Have you ever heard your child make negative self-statements about her skills and capacities?
Children frequently say things like, “That’s too hard” or “I can’t do it,” even about a task they have completed before. This type of negative cognition can undermine a child’s potential to perform to the best of her ability. Fortunately, parents and educators can challenge these negative statements and help children substitute them with more positive views of themselves. In this edition of the LearningWorks for Kids Beyond Games series we suggest strategies that can encourage positive thinking and build persistence.
Get a better vantage point. Many children struggle with task persistence because they misperceive the difficulty of a task. A child could improve her ability to plan for future projects by assessing the difficulty of a task by figuring out the steps required and its possible complications. Model good planning skills by talking about long-term projects at home such as the steps involved in painting the kitchen or a project you have been assigned assigned at work.
Make it relatable. Narrative stories to teach persistence and sustained effort can be very effective. Relate a short story to a child about someone who has achieved a goal they have worked hard for. She will be especially interested in anecdotes about other children who became excellent athletes or attained academic success. Tell him a story from your past about when you worked very hard on a project to demonstrate the benefits of being persistent.
Let her do the talking. Kids can reinforce their sense of self-efficacy when they talk about what was required to complete a task, from recognizing what spurred them initially to the persistence, problem solving, and checking of work required to complete the task. Self-efficacy influences how kids (and grown-ups for that matter) feel, think, motivate themselves, and behave, and it can lead to a sense of mastery that can encourage them to persist in other areas of their lives.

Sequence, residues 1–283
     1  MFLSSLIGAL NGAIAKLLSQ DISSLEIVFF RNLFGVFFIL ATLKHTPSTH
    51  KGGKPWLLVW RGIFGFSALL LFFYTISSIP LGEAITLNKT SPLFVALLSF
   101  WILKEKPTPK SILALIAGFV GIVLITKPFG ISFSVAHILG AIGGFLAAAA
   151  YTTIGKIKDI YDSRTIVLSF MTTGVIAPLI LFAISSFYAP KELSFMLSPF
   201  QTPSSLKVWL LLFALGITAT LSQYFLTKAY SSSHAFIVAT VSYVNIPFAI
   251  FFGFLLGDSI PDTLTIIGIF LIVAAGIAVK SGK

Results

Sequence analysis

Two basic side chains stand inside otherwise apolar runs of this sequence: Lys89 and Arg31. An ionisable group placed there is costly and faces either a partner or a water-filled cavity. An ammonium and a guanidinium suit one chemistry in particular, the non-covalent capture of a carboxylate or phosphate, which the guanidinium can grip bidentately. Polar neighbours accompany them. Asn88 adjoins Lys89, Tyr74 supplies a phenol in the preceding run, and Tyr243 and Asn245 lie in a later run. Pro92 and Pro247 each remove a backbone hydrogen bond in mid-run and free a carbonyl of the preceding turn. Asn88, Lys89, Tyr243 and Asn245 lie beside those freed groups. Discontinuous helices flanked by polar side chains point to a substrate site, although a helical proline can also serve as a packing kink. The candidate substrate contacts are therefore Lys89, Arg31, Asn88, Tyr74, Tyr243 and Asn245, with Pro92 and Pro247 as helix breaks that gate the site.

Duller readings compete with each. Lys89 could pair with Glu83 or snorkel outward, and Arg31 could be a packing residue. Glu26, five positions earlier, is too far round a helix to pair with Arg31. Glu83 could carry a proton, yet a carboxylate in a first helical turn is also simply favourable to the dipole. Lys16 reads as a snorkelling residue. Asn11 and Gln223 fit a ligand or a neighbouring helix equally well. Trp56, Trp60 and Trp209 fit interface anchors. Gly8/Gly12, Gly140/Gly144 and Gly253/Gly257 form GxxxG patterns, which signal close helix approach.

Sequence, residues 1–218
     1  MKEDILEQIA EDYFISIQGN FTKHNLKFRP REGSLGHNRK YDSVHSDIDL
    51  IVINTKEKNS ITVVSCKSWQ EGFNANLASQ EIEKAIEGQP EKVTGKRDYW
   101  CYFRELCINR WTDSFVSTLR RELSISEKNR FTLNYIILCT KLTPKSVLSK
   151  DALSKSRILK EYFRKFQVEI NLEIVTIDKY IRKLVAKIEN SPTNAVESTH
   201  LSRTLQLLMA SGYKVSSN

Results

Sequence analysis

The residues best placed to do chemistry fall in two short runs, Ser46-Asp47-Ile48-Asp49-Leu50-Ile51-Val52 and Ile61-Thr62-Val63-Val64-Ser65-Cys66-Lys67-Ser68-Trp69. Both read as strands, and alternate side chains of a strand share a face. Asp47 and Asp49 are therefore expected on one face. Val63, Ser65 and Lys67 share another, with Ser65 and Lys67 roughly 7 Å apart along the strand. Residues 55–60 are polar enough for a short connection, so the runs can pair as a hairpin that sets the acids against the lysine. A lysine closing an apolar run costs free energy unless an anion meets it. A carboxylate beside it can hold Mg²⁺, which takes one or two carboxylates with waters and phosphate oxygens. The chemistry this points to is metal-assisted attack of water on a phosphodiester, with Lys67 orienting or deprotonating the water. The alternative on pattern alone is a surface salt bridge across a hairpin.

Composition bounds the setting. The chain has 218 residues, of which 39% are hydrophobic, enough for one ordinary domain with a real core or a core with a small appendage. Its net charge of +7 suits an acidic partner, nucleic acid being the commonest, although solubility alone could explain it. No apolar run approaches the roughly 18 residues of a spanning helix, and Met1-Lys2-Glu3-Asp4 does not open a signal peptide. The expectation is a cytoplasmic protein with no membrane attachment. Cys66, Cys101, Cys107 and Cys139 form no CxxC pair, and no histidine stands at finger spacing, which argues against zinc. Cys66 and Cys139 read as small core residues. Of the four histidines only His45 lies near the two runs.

Open up. Discuss your experiences of getting through a difficult situation at home or work to demonstrate your ability to self-motivate and talk yourself through a situation. Provide a thinking template for a child to follow in similar situations by verbalizing: “I was given a job to do at work that was new for me. I was afraid I wouldn’t be able to complete it but reminded myself that I have had difficult jobs before and completed them successfully. I knew I could do the task if I worked hard at it.”
Help them self-identify. Assist your child in finding things that he enjoys learning about and provide him with different ways to access materials on the topics. For example, a child who does not like to read but enjoys cars could go to an automobile dealership with you and pick up brochures. He could play racing video games, search the Internet for information about cars, or demonstrate his knowledge about them to relatives and friends. This could widen his ability to see himself as a learner in a variety of areas.
Complementing these core strategies with the use of apps, websites, and other technologies often leads to the best solutions to improve a child’s ability for thinking positively. Some of the best tech tools to help a child with improving task persistence through thinking positively include:
A large part of positive thinking is flexibility. Skull Girls is a 2D fighting game recommended for older children that exercises this very skill. With a number of playable characters and varying opponents, players have the opportunity to learn and adapt to new fighting styles and work to find the best methods to defeat other players.
Sometimes negative self-thought has specific triggers. Stress Tracker is a diary app designed to record those times when users are particularly stressed or anxious to determine which factors are likely to blame for those feelings. Stress Tracker specifically addresses the skills of flexibility and self-awareness, critical partners in positive thinking.
Grav Suit is a puzzle game that exercises the self-control skill required for positive thinking. Players must work through mazes, fighting gravitational pull and equipped with only a ray gun for propulsion. Accurate mouse clicks are required, and a slight learning curve exists that puts patience, persistence, and positivity to the test.
BADLAND is a game for iOS devices that demands the kind of focus that aids kids in positive thinking. Players must constantly move forward in this side-scrolling forest mystery. With atmospheric graphics and soundtrack, BADLAND tests players’ ability to tune in to the most important aspects of the game, a resilience skill that will encourage positive thinking.
Featured image: Flickr user Sean MacEntee